A few days of research later, I had put together a plan for Sophie that, hopefully, would help manage the symptoms of the disease and that could enable her to live a happy and healthy life. I had learned that her condition could be aggravated, even worsened, by a lot of intense exercise, jumping, playing tug, etc. I was significantly more calm and positive than I had been in the vet’s office…but something was still troubling me. A part of me still felt unsettled and a piece of this new puzzle was missing. So I piled Sophie into the car and we went for a walk in one of our favorite parks.

As we were walking, with Sophie on her leash to try to keep her from stressing her hip, I looked out to the wide snow covered fields and saw a flock of birds sitting in the quiet morning sun. Sophie saw them too and whimpered to be let off her leash to chase down those birds. And I realized then what that missing puzzle piece was. I didn’t want all my moments with Sophie to become vet visits, unhappy leash walks and telling her to settle or lie quiet. That was not Sophie…that was not living to her. So I unclipped that leash and she burst onto the field, tail wagging. I took off after her and we ran in happy circles together…just like we have always done. I looked back at our footprints in the snow and realized this is how we would leave our tracks through the rest of our time together. Sometimes those footprints would be running and playing, sometimes walking and sometimes, no doubt, they would be resting. It is possible our trail might end up being shorter, but it will be built with the footprints of the living. And I know that one day will arrive, all too soon, where my tracks will be a single set in the snow…but I will be able to walk knowing that while she was here Sophie’s paw prints were filled with fun, with joy and with love.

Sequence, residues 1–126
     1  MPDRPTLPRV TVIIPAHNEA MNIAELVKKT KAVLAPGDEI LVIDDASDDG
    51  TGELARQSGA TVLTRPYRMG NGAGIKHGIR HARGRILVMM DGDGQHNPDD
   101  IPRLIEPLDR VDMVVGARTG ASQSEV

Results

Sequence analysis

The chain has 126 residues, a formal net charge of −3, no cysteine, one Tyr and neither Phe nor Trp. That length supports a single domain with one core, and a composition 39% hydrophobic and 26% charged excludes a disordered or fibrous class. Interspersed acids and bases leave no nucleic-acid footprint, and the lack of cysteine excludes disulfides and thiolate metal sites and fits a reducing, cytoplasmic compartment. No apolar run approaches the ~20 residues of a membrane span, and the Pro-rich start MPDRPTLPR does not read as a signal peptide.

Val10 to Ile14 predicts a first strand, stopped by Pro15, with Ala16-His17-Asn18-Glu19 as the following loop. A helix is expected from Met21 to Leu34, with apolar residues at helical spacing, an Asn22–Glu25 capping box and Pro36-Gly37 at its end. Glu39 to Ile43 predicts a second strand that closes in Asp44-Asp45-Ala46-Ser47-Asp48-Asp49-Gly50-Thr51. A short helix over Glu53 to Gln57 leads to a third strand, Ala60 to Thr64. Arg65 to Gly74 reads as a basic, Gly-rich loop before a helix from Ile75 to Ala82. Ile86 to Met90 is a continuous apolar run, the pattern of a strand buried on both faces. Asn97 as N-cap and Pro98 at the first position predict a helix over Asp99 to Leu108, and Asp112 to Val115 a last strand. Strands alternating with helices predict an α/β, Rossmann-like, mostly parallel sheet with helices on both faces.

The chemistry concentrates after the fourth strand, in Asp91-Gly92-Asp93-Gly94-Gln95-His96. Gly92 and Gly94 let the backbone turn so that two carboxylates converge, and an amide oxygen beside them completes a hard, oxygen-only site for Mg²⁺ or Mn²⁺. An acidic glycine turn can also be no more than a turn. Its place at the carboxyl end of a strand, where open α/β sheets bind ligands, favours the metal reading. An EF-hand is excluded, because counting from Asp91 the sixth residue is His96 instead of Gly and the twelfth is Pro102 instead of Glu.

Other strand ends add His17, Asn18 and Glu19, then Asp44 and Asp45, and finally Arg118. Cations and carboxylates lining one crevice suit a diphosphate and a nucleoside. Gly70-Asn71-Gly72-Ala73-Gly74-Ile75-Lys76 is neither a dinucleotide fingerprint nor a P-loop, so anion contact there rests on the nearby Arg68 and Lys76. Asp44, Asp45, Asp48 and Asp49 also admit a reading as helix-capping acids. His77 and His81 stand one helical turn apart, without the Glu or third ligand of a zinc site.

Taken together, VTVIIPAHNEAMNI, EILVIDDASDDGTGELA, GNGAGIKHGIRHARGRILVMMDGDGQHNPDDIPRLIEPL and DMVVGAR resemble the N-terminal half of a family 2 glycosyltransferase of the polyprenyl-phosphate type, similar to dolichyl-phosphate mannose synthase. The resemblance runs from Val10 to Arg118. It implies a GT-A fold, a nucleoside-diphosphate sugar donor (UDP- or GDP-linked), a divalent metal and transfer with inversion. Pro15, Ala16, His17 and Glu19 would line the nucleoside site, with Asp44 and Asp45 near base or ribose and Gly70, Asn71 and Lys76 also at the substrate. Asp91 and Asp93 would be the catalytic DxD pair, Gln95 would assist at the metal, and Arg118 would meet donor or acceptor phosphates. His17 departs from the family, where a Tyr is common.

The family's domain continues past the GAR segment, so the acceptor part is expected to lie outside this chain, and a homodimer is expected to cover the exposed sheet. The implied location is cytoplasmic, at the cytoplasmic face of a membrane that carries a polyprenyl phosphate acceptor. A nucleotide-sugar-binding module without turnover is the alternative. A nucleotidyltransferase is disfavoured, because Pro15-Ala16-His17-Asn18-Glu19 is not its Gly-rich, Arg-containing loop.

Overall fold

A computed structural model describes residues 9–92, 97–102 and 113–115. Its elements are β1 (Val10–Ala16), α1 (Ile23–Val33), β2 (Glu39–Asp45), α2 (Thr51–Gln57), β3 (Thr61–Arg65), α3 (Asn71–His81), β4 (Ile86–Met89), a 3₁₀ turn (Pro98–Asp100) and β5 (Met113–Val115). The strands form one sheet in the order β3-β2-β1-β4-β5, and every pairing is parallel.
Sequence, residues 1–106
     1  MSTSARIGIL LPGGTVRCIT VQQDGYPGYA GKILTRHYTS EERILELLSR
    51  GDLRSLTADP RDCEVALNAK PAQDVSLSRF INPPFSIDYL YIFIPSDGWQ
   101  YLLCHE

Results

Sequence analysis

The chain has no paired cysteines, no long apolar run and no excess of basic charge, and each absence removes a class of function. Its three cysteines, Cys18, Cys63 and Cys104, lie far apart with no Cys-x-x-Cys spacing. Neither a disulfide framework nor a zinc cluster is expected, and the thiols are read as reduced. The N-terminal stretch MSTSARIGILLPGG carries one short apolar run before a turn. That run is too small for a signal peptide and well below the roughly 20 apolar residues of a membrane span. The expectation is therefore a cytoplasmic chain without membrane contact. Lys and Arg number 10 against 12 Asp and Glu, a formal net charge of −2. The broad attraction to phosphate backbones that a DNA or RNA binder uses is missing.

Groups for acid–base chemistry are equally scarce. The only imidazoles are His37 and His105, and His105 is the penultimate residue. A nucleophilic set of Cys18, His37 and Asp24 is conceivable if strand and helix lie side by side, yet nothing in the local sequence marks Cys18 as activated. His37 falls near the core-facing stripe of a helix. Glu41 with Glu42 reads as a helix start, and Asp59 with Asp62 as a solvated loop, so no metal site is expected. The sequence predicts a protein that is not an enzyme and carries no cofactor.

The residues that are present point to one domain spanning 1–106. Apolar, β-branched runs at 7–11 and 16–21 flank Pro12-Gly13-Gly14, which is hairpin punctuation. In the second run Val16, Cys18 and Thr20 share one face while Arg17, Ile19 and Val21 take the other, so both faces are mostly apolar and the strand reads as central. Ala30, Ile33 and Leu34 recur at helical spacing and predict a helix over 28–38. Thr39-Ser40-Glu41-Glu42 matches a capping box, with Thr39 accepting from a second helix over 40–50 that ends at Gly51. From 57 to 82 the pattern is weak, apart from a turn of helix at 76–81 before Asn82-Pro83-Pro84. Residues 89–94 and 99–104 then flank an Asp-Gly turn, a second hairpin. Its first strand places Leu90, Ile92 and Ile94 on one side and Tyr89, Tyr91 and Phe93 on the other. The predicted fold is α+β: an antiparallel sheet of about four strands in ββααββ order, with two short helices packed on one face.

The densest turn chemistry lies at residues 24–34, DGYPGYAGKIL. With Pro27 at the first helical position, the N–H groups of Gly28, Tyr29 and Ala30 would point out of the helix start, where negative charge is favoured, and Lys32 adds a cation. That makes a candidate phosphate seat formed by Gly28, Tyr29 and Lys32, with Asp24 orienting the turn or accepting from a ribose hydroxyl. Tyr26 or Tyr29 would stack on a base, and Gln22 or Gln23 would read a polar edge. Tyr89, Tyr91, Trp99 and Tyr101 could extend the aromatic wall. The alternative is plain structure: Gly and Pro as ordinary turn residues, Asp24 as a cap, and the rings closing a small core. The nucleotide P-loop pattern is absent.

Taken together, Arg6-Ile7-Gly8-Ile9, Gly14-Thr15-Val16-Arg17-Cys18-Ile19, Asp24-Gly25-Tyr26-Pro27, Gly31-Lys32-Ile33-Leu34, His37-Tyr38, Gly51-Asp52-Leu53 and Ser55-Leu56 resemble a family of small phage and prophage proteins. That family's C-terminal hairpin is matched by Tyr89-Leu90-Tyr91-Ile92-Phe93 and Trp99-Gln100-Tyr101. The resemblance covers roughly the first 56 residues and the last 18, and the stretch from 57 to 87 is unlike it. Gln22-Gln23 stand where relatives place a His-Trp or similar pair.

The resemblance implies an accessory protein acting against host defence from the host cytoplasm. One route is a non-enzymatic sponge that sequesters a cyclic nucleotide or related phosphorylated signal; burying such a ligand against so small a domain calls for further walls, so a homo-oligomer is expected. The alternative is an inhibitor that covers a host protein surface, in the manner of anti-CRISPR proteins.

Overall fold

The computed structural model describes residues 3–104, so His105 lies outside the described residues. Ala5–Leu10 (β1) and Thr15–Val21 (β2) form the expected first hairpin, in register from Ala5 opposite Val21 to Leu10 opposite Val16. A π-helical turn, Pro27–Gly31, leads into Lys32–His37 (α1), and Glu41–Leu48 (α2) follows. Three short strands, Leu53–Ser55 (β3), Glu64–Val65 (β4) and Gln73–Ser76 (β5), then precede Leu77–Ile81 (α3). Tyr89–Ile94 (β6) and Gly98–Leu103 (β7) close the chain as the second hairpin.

“Life should NOT be a journey to the grave with the intention of arriving safely in an attractive and well preserved body, but rather to skid in sideways, champagne in one hand - strawberries in the other, body thoroughly used up, totally worn out and screaming "WOOHOO - What a Ride!" ~ Author Unknown

Look for part two of this story tomorrow....She's Lucky To Have You.